Newspaper Page Text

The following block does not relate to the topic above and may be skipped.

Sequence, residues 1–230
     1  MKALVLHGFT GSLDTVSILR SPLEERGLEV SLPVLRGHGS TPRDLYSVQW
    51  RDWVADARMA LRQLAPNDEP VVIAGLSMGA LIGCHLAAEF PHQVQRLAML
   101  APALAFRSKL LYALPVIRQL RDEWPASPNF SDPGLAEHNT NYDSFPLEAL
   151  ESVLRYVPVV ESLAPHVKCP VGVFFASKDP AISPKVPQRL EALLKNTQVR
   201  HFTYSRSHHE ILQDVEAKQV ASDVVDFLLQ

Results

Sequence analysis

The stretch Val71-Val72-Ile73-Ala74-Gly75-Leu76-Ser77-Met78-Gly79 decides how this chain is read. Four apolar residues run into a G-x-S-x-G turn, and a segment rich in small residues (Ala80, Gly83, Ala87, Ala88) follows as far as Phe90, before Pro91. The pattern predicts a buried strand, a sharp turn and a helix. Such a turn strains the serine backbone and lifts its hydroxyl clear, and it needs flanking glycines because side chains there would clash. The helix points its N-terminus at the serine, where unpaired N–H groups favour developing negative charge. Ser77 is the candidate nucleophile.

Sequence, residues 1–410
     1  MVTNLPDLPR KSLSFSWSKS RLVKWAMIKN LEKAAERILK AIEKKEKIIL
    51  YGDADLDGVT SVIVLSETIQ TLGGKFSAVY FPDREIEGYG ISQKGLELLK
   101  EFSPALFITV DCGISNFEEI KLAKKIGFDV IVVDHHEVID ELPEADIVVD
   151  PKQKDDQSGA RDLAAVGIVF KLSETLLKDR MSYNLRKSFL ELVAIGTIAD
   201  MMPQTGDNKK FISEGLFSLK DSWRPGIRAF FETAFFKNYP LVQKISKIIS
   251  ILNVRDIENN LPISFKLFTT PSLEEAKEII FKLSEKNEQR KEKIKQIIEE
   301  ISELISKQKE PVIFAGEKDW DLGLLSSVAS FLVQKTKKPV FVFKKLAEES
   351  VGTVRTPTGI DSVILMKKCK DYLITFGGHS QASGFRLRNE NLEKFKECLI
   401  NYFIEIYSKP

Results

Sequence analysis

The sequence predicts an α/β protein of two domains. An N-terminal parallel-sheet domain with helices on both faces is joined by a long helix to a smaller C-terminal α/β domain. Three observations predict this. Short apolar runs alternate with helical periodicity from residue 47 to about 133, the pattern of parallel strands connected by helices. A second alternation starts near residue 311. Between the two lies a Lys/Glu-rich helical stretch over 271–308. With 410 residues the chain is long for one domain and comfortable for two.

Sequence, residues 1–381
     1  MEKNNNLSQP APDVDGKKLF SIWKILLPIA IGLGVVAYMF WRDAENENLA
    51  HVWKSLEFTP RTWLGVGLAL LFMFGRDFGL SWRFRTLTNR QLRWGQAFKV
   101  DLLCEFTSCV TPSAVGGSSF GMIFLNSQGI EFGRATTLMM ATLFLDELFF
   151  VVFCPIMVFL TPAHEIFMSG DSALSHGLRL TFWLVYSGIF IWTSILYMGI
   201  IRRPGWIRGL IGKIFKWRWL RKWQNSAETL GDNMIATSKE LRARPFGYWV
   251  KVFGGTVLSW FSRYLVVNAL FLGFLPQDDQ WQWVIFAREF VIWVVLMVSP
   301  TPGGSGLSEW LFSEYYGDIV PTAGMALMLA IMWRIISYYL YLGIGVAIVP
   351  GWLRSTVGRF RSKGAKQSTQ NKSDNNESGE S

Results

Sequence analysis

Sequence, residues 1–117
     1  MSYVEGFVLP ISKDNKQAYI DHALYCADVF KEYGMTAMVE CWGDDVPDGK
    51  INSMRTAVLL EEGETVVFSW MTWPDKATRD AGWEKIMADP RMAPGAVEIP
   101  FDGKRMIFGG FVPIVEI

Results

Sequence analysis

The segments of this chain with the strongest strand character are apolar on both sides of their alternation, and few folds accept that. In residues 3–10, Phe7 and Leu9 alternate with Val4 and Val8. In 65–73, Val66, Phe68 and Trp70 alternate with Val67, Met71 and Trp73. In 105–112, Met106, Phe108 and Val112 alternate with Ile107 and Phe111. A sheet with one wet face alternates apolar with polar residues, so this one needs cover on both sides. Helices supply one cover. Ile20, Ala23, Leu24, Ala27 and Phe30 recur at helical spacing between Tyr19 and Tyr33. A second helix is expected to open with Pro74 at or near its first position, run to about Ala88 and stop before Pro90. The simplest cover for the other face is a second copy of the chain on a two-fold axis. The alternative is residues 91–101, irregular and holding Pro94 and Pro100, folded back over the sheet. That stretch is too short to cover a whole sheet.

(2.00 AIEA» Issued Twice a Week THE WESTERN NEWS $2.00 A YEAR Every Tuesday and Friday VOL XXI. HAMILTON, MONTANA, TUESDAY, DECEMBER 13, 1910. NO. 11. COOPER TOLD GROFF DEFEATED CANDIDATE FOR LEG ISLATURE W AS ASSURED GROFF SIGNED SALOON PLEDGE. J. Frank Cooper of Darby, defeated tive in the legislature, was told by the comintitee of the Ravalli county saloon men, when asked to sign* their pledge, that H. C. Groff had signed the agreement. This is vouched for by the following letter by Mr. Cooper to Henry Grover, president of the Inde pendent league: Darby, Montana. Dec. 9th., 1910.—Mr. Henry Grover, Hamilton, Montana. Dear Sir: Even a worm will turn. As The Western News has been pub lishing a great deal since election about the Saloon Men's Pledge, as hav ing been signed by H. C. Groff, John McLaughlin, B. F. Plummer and my self—in a measure to justify myself— I take the liberty of writing you, you being the president of the Independent league. A short time after the republican county convention in September, Mr. Mace of Stevensville and Messrs. O'Brien, Wakely and Abbey of Hamil ton, called on me at the Hotel Priscilla with their paper, which they wished signed. They informed me that Mr. Groff and Mr. McLaughlin had signed it, and that Mr. Plummer would sign it. I asked them as to what the pur pose of the signing of the paper was and was led to believe it was merely to find out how we stood in regard to matters contained therein. 1 told them that I was not a saloon man and just exactly how I stood in regard to the measures therein contained, and should I be elected, I should go to Hel ena to represent the whole people. I asked them if they were positive that Mr. Groff had signed the paper, or one just like it, and Mr. Mace replied that he, Groff, had, and that Mr. Groff had used this expression at the time of signing it: "By G —, I am going over there to represent the whole people." —our present representative at Hel Mr. Groff is a personal friend of mine ena, and at that time I placed his judgment above my own. Now, with the above-named men's forcible statements to me that Mr. ■Groff had signed their paper, also that Mr. McLaughlin, a minister of the gos pel, had, and that we were still free to represent the whole people, you can see the position n which 1 am placed. Whether or not the saloon men s state- ! inents were fabrications, I leave it. for | you to judge. But in regard to the statement published in the Indepen- ! /Ipnl 1 lnffriio'c nifnnltjra conf mii at 1 ■dent league's circulars, sent out at election time, and in the News since, about the text books, in my own case, it is false, that is, if I can understand plain English. "Are you in favor of new textbooks to be furnished by the State?" That is the wording in the paper brought to me. So you can see that the statement in the Independent league's circulars and the News are, in my case, radically wrong. "What is the object of this?" I asked, and Mr. ,0'Brien answered that a bill would .come before the next, legislature for that purpose, and that the revenues of the state were so low that there would not be money to pay for free text books for the schools. Now, I have the secretary's word of honor, of the saloon association, that the papers the different candidates signed are burned. Be that, as it may, I candidly admit that I erred and am exceedingly glad that I lost out o ____ _ _ ____ ____ in the election, for the very reason that I would have had my hands tied, and would not have been able to represent the whole peo ple honestly and fearlessly. I repeat the text book proposition as worded in your circulars in my own case, were absolutely false. But it is not neces sary to my defeat, and I also repeat that I am glad I was defeated, for the reasons stated above. Yours respect fully, J. FRANK COOPER, Darby, Mont., Dec. 10, 1910.—Mr. Henry Grover, Hamilton, Mont. My Dear Sir: As Mr. Mace of Stevens ville has made an affidavit and pub lished it in The Western News, stating that I am one of the four who signed the saloon men's pledge, it becomes imperative for me to publish before the people why I signed it, and I shall appreciate it as a favor if you will give a copy of my letter to you of the 9th inst. to every paper in Ravalli county, should they desire it. And I believe they will be glad to publish it. As it is before the people that I did sign a paper for the saloon men, I want them to know why I signed it. Now, the first sentence of my letter of yesterday, about the "worm," is, figuratively, myself. I could not al low something published about me that was not true without turning and answering. What I have reference to is about the text books. Trusting that I have made every thing clear to you, I beg to remain, Yours truly, J. FRANK COOPER. IT'S JUST BUNCOMBE. Our invertebrate contemporary re marks that the county commissioners, after considering the "quality of work done by the different bidders," award ed it the county printing contract. This buncombe is for consumption by those who don't know better. The truth is that The Western News has, dollar for dollar, five times the equipment of the Republican, and it is in the hands of a foreman whose standing would not permit him to accept employment in our contemporary's antiquated junk ..shop. WEEK OF SKIRMISHING AT AT THE NATIONAL CAPITAL REGARDING TARIFF. j Washington, Dec. 11—A week serious effort at tariff tinkering While many bills have been introduce for the repeal of duties on lumber food products, coal and many ra\ materials, they have come from thi democratic minority and are regarde» as indicating the intentions of in dividuals next session, when the demo crats will be in the majority. In thi senate the only tariff activity ha: been in connection with the proposer amendment of the rules presented bi Senator Cummins. The change sug' gested is designed to permit revision by schedules and prevent considera tion of amendments to schedules other than those specially under discussion. The opposition to the proposed change in the rules insists that it in volves cloture in a form that has been repungent for 100 years. Friends of the Cummins scheme point to President Taft's indorsement of tariff revision by schedules and declare that such a rule is necessary if the presi dent's plan is to carry. The passage through the house of two of the large appropriations was an unheard of thing in the history of congress, especially when it was con sidered that they were the Indian and rivers and harbors bills, both of which have precipitated controversies and long debates heretofore. It is expected the pension bill will be reported from the committee on appropriations Tues day and that the legislative, executive and judicial appropriation bills will be brought in Thursday. Records to Go. Chairman Tawney has promised Speaker Cannon and Republican Whip Dwight that he can report others of the big supply bills as rapidly as the house can handle them. The rush of these measures through the house at the instigation of the administration to open the field for the president's leg islative program promises to break ail records. At the same time there seems to be an impression among members that the'session will prove barren of results so far as general legislation is concerned. against the''passage of'a bin' to°pro vide for a re-apportionment based upon the thirteenth census If this should go over until next session some interesting debates would result Re apportionment legislation as a' rule .. „ _ < . öfters advantages to the party ... power, but next session the house will be democratic and the senate repub lican and many members think it would be impossible to pass a law un der such conditions unless it con tained a large element of fairness to both parties. I ÏBÜST VIOLATED BEFORE RECEIVED. WRITES VOTER Victor. Dec. 8.—To The Western News: J have noticed in your paper statements concerning Senator-eiect Groff. Taking into consideration the ___things which occurred before election ant T ioBowing them down step by step un t'l the present time, it is very ap P arent that the voters of Ravalli county have been deceived. Mr. Groff lias had an opportunity to show his constituency whether or not state ments, affidavits, etc., concerning him are true or not, It is now up to Mr. Groff to show under what flag he intends to fight. Before his name is now appended a question mark. It must be removed. Good conscience demands it. Our pub lic welfare demands it. Above all, the security of our homes demands it. If Mr. Groff has betrayed that large and sacred trust the public should re sent it. Proper steps should be taken to prevent such a man serving us in our legislature. To that end public meetings should be called, petitions circulated. Let it be said of ub that a public trust cannot be entrusted to one having betrayed that trust before even entering upon the duties of that trust. A CITIZEN AND VOTER OF FAIR RAVALLI. THE PNEUMONIA GERM. That pneumonia is caused by a spe cific germ and not by cold weather is the text of an interesting and instruc tive article in a recent issue of a medi cal journal. It declares that pneumonia is a germ disease, the same as scarlet faver or diphtheria, and that it is preventable. It does not originate from a cold, as many suppose, but exposure and colds predispose one to the disease. During the warm months, when people spend most of their time out of doors, and their homes are open to the sunlight and fresh air, pneumonia drops down to comparatively nothing, but as soon as cold weather approaches our houses are heated; the doors and windows are kept closed and we breathe vitiated air. Then pneumonia appears. The pneumonia germ is found most plentifully in crowded street cars, in theaters and places wL-re people crowd. All the cold weather in the world wouldn't give pneumonia to any one. A famous doctor said that "cold had nothing to do with colds," and it appears to have little to do with pneu monia. Comparative Census of the States RANK. STATES. 1910 1900 1890 The United States........... 93,402,151 | 77,256,530 | 62,979.766 • Continental United States.. 91,972,266 i 75,994,575 i 62,947,717 iS — Alabama .............. 2,138,093 1.828,697 1,513.401 47 — Arizona ................ 204,354 | 122,931 88,243 2:> — Arkansas.............. 1,574,449 1,311,564 | 1.128 211 12 — California .............. 2,377 549 1,485,053 1 1,213.398 33 — Colorado ............... ; 799,024 539,700 413,249 32 — Connecticut ............ 1,114,756 90S.420 746,25S 48—Delaware.............. 202 322 ! 184,735 '168,493 44 — District of Columbia..... 331,069 | 27S.718 ! 230.392 34 — Florida .......... 751 139 ."»42 10—Georgia ............ 2.609 121 2,216!S31 j -- 1,837,353 46 — Idaho .......... | 325,594 I 161,772 8S.545 3—Illinois............. i 5,638,591 | 4.821 550 9 — Indiana .......... | 2,700,876 2,516,462 1 2,192,404 15 — Iowa ............. i 2,224 771 j 2.231,853 I 1.912.297 22 — Kansas.......... 1,690,949 1 470,495 I i 1,428,108 14 — Kentucky .............. 2,289.905 ! 2,147,174 1,858.635 24 — Louisiana ............ 1.656,338 | 1,381,625 1 118,588 35 — Maine ................ 742,371 ( 694,466 661 086 27 — Maryland .............. 1,294,400 1.188,044 1.042 390 6 — Massachusetts .......... 3,366.416 | 2,805,346 I 2,238,947 8 — Michigan ............... 2,810,173 I 2,420,982 2,093.890 19 — Minnesota ............. 2.075,70S 1,751,394 1,310,283 21 — Mississippi ............. 1,797.114 1 1 551,270 1,289,600 7 — Missouri ............... 3,293,335 | 3,106 665 2.679.185 41 — Montana ............. 376,053 1 243,329 142,924 29 — Nebraska ............... 1,192,214 | 1,066,300 51 — Nevada ................. 81,875 42 335 47,355 40 — New Hampshire......... 430,572 | 411,588 376.530 11 — New Jersey............. 2 535,167 1,883,669 1,444,933 45 — New Mexico............. 327,301 j 195,310 160,282 1 — New York .............. 9,113,279 7,268,894 6,003,174 16 — North Carolina ......... 2,206,287 1,893,810 1,617,949 38 — North Dakota........... 577,056 319.146 190,983 4 — Ohio ................... 4.767,121 4.157,545 3 672,329 23 — Oklahoma .............. 1,657,155 790,391 258,657 36 — Oregon................. | 672,765 413,536 317,704 2 — Pennsylvania ........... : 7,665,111 6.302,115 5,258,113 39 — Rhode island............ 542,610 428,556 26 — South Carolina.......... 1,515,400 1,340,316 1,151.149 37 — South Dakota........... 583,8S8 401,570 348,600 17 — Tennessee.............. 2,184,789 2,020,616 1,767,518 5 — Texas ................. 3,896,542 3,048,710 2,235,527 42—Utah ................... 373,351 276,749 210,779 43—Vermont ............... 355,956 343,641 332,422 20—Virginia ................ 2,061,612 1,854,184 1,655,980 30—Washington ............ 1,141,990 518,103 357,232 28—West Virginia........... 1.221,119 958,800 762,794 13—Wisconsin .............. 2,333,860 2,069,042 1,693,330 50—Wyoming............... 145,965 | 92,531 62,555 52—Alaska ................. 64,356 I 63,592 32,052 49—Hawaii ................. 191,908 ! 1 54 001 Military and naval....... 55,608 | 9R219 31—Porto Rico.............. 1,118.012 i I 953,243 1 FARMERS WILL MEET TO CONSULT AS TO MARKETING AGENCIES AND OTHER MAT I TERS OF INTEREST. A meeting of farmers and fruit growers has been called to be held at the Hamilton Chamber of Commerce on next Saturday afternoon. Among the matters up for consider ation is the problem of providing sat isfactory markets. The suggestion that Bitter Root fruitgrowers join with those of other northwestern fruit growing localities in the formation of a central organization or combine has been favorably received and will doubtless form the principal topic of the Saturday meeting. VICTOR NEWS NOTES. Victor. Dec. 12.—A baby girl was horn to Mr. and Mrs. J..M. Schweitzer on Friday, December 9. Miss Frances Chilson went to Mis soula Sunday. The contractors are laying the foun dation for David Van Blaricon's house. Leonard Helmn returned yesterday from a visit in the northeastern part of the state. Miller Humble leaves today for Rogersville, Mo. He will accompany his wife's mother, Mrs. Alford, to her home. Henry St. John moved into his new residence and J. D. St. John has moved into Henry St. John's house, which he recently purchased. J. E. Robb and daughter Iola re turned from Stevensville on Friday. Iola was operated upon for appendici tis at the Thornton hospital and is do ing nicely. Dr. F. H. Gwynne arrived from Butte on Sunday morning. He preached in the Presbyterian church in the morn ing and at the Fairview schoolhouse in the afternoon. Dr. Gwynne will conduct a series of meetings in that neighborhood this week, beginning to night. The bazaar which the Ladies' Aid held Thursday, Friday and Saturday of last week proved successful and prof itable, the amount of about $85 being made by the sale of aprons, dolls and all kinds of fancy work and the serv ing of suppers. A part of the proceeds will be used for the electric lights, which are being placed in the church. Mr. Bullock of Hamilton is attending to the lighting of the church. The second number of the lecture course was given on Friday night by Dr. Elrod of the university. The next number is a lecture on "The Plants and People of Mexico," given on next Thursday evening, December 15, by Dr. Kirkwood of the university. This lec ture will also be illustrated by the stereopticon. WILLIAM WAKELY AGAIN IN THE TOILS FAILS TO CLOSE SALOON WHEN LICENSE IS REVOKED—HEAR ING DECEMBER 20. William Wakely was arrested bist night by Under Sheriff Henry Gilmore on a complaint sworn out by Uouaîy Attorney McCulloch. Wakely is eharg ed with conducting a saloon without a license. He was arraigned before Judge White and the date of hearing was set for Tuesday, December 20. Wakely, who is proprietor of the l nion bar, was recently convicted in district court of gambling. Under the present law a conviction for gambling operates to revoke the license of the proprietor of the saloon and the own er of the building, if it be rented, also becomes liable for losses sustained. No action by the county commission ers or other authorities is necessary, the law being so framed as to auto matically revoke the license. Wakely was informed of this but failed to close the bar and his arrest followed. AVORMLESS VINEGAR AVAN TED. Jacob Helwig is advocating the in stallation of a vinegar foundry in the Bitter Root, thus making a market for app' 3 culls. He says the people of eastern Montana and Dakota are re volting against eastern apple vinegar, made of wormy apples, and that there is an unlimited demand tor wormless vinegar. He estimates that 200 bar rels of Bitter Root vinegar could be marketed every day. PERSONAL INJURY SUIT FILED. George H. Tilbury has filed suit in district court, against the B. R. V. I. Co. for $11,532 damages, alleged to have been sustained while in the em ploy of the defendant. Mr. Tillbury was employed as engineer and the ac cident, according to the complaint, oc curred May 27. Taylor & Arnest are attorneys for the plaintiffs. PERSONALS. E. J. Kluge is visiting his parents in Helena. Mrs. W. E. McMurry is visiting rel atives in Spokane. Mrs. D. Kennedy has returned from Butte, where she has been receiving treatment in a hospital. J. L. STOUT IN JURED. J. H. Stout, while assisting in re pair work at the A. C. M. Co. mill last Wednesday, fell from the second floor, fracturing two ribs. Mr Stout received prompt medical attention and is recovering rapidly from his in juries, which while painful, will not incapacitate him very long ; 1 j 1 ! i j WINS ANOTHER E MABEL PERIOLAT GRANTED DI FORCE—OTHER MATTERS IN DISTRICT COURT. The injunction suit of S. S. Edwards versus George A. Robbins, as road su pervisor, by which it was sought to restrain the road supervisor from re opening a public road just south of Rye creek, was tried before a jury Saturday and Monday. After brief de liberation the jury returned a verdict in favor of the defense. The case of R. L. Harper & Son ver sus John Buck et al. was continued. The case of Milton Hammond versus Mary C. Grover was dismissed as set tled. The suit of J. W. Julian versus Woodside Creamery Co. was reset for December 16 Mabel Periolat was granted a di voree from Jacob R. Periolat and her maiden name restored U1UV.W iluiltV/ U.OIVJICU, The ease of Charles Bourne versus Minnie Cramer was continued. Estelle R. Bliss on Saturday filed nit for divorce in district court against De Wayne E. Bliss of Stevens ville. The will of the late Bert Zollinger of Victor has been filed for probate. The wife. Emma Zollinger, is named as ex ecutrix. Attorney Edward D. Noonan has Deitrich. de FRANKS-IPHAHE. John W. Franks of Stevensville and , | 1 j d TREES NOT M INTÛSHES Hosea B. Wayland has filed suit in pàny to recover damages sustained on account of delivery of trees that did not prove true to name. The complainant alleges that in the spring of 1906 he purchased 800 trees from the Missoula Nursery which were guaranteed to be of the McIntosh Red variety. Last year some of the trees came into bearing and he found that the trees were not McIntosh Reds, and hence lie claims damages in the sum of $8,000. Baker & Madeen represent the plaintiff. <'ORVALLIS NEWS. Corvallis, Dec. 12.—Mr. and Mrs. O. J. Law spent Thursday in Stevens ville. Mrs. Fred Riley of Butte is a guest at the William Barr home. J. D. Binkard, who suffered last week from a severe attack of appen dicitis, is improving. G. C. Williamson of Canyon creek attended Methodist services here Sun day. J. S. Hopkins, cashier of the Cor vallis bank, was a Missoula visitor Thursday. Fred Summers came up from Mis soula Saturday and remained over Sunday with relatives here Mrs. Mike Humble and Mrs. John Humble, and children, were Missoula visitors Thursday. I . .V Goudy was summoned to Spo- i IP lîACît uroalr I,,» 4 lw. ...... :ii. ... karie last week by the serious illness of his father, who resides in that city. Mrs. John Burch, Si'., left Wednes day for Missoula, where she will visit relatives until spring. Rev. Mr. Jones and wife of Hamil _____ _______________ ,,„ ö iiaum ton visited friends here Thursday and attended the revival service that even- i ing. i Mr. and Mrs. James G. McDowell went to Missoula Thursday, where they expect to remain during the win ter. Charles Brooks, who has been visit ing his brother, Louis, returned to Portland last week. He was accom panied by his father, who will remain with his son during the winter. Mrs. William Neaves and little daughter. Myrtle, departed Thursday for California hoping that the change of climate will benefit the little daugh ter s health. They were accompan ied to Missoula by Mr. Neaves, who returned the same day. The postoffice inspector visited the local postoffice last week and was favorably impressed with the condi tion of our office. He complimented the postmaster on his new, well-light ed building, pronouncing it one of the best in this part of the state. The Corvallis Yeomen held their ---.uumgii nciu lueir regular meeting at the Masonic hall | Wednesday evening. Fifty-seven mem hero were present, and after initiatory ceremonies and election of officers, ! delicious refreshments were served! ! Two members were added to their order. A number of dinner parties were tendered Rev. Mr. Law and wife, Sing ing Evangelists V. E. and C. N. Ride nour and Mrs. C. N. Ridenour by the members of their church during the past week, and invitations are out for several more this week. IGE GARNIVA IVAL TO RE HELD SOON GREAT JOLLIFICATION PLANNED» TO RAISE MONEY FOR NEW BASEBALL GROUNDS. j badge Preparations for the great ice car nival are practically completed. This event is heralded by its promoters as "absolutely the greatest event of the season," and is evoking a great amount of interest. Dr. F. E. Buchen and W. O. Fisk are arranging for the carni val. Skaters desiring to participate in this event must call at the chamber of commerce and obtain a badge which will entitle them to take part in the event. These badges will be sold for 50 cents each to adults and 25 cents each to children under 12 years of age. No one will be permitted to take part I in the jollification without wearing a The carnival is to be given as a benefit to the Hamilton baseball team. j UCilClll IU lilc IldlUlllUll Udbt.Udl 1 It'dlil. j The money will be devoted to procur uuvoiicu IUI lUM KlICS, V sizes and shades. C. E. Hartley ro _ , . . . * ing new grounds. The following prizes will be offered: For the most gorgeous costume—One peck of potatoes, guaranteed to be at least, two years old. Valley Mercan tile company. For the most gorgeous costume, worn with the greatest apparent com fort—One barnyard pheasant (age unknown.) H. M. Sloan. For the most gorgeous costume, worn with grace and distinction—Five pounds of baled hay. Bitter Root Stock farm. For the most ridiculous costume (or dinary attire barred)—One second band auto casing (worn out). Raval li Auto company and Hamilton Auto company. For the most ridiculous costume— One of Bob Stewart's left-over fire sale screw drivers or monkey wrenches. (Subscriptions will be tak en up to defray the cost of this prize). H. A. Stewart. For the most ridiculous costume— One bicycle pump (not quite new). Kleinoder & Hobbs. For the most fancy skater (contor tions consequent on trying to retain equilibrium not counted as voluntary and therefore barred)—One pair pad ded trousers. Meeker & Parmenter. In case of a lady winning this prize she will receive one hoop skirt (waist limit 60 inches). Gage Mercantile com pany. For the man with the coldest feet (J. O. Read, judge)—One hot water bottle (leaky). C. S. Kendall. For the man with the coldest feet (same judge)—One Airedale pup (thought to be one of Cook's Eskimo dogs, deserted on the way to the pole. W. O. Fisk. For the man who first breaks his suspender buttons—One pair suspen ders (one end missing). Hub Cloth ing company. For the ice artist that falls most— Three massage treatments (not guar anteed to cure). Dr. Bucknam. For the one that needs winding up— One alarm clock (that used to run. F. L. Burns, J. G. Baron, J. Flugstad. (10c donated by each). For the best skater backward (ev ery contestant will be required to maintain a vertical position)—One pair shoes, minus heels. J. H. Tliies. Ditto—One dish evaporated leeks (flavor nil). W. H. Roberts. For the one that wears the most mournful expression (natural born cynics barred)—One can Dutch Cleanser (adulterated). 11. H. Spauld ing. For the most matrimonially looking man—Twenty-five issues Ravalli Re publican (no indemnity provided in case of fatal result). J. ('. Con key. For the most convivial looking mor tal (artificial stimulants prohibited) — One bottle Fitzgibbons' Hair Reviver. J. J. Fitzgibbons. For the one with the cleanest col lar (celluloid collars barred)—One bundle uncalled for neckties, various For the most innocent looking man —One 15c bottle Corner Drug store's Famous Specific (for external use on ly). Corner Drug Store. Dr. R. L. Owens will be the chair man of the Committee on Solo and ?, t , her In nocent and Simple Games, consen t will be necessary before these games may be indulged in these games may be indulged in. Coffee and tea, also Skalkaho, will be sold for cash during the entire evening. Consistency, specific gravity and quality not guaranteed. more glory from missouli an. The Bitter Root is receiving a bit of reflected glory by reason of the fact that Frank,I. Bennett, president of the Bitter Root Irrigation company, is being boomed for mayor of Chicago There has been a good deal of talk about this candidacy in the Chicago papers lately. Mr. Bennett has served the Windy city as alderman and the comments of the city editors indicate that his record was all to the good. They say he sacrificed his personal in- terests tor the city to the extent that his private business suffered. He is aq ardent republican and has lately been devoting most of his time to the affairs of the Bitter Root company. His Montana friends are takimr more than ordinary interest in the talk which connects Mr. Bennett's name with the mayoralty of the great central city ---. Mr. and Mrs. F. M. Willard and son ot \\ allace, North Dakota, are guests at. the W. R. Forney home, west of Hamilton. The Forneys and Willards are old friends, having lived for years at Marshalltown, Iowa. Mr. and Mrs Willard will spend the winter here and may decide to locate in the Bitter Root.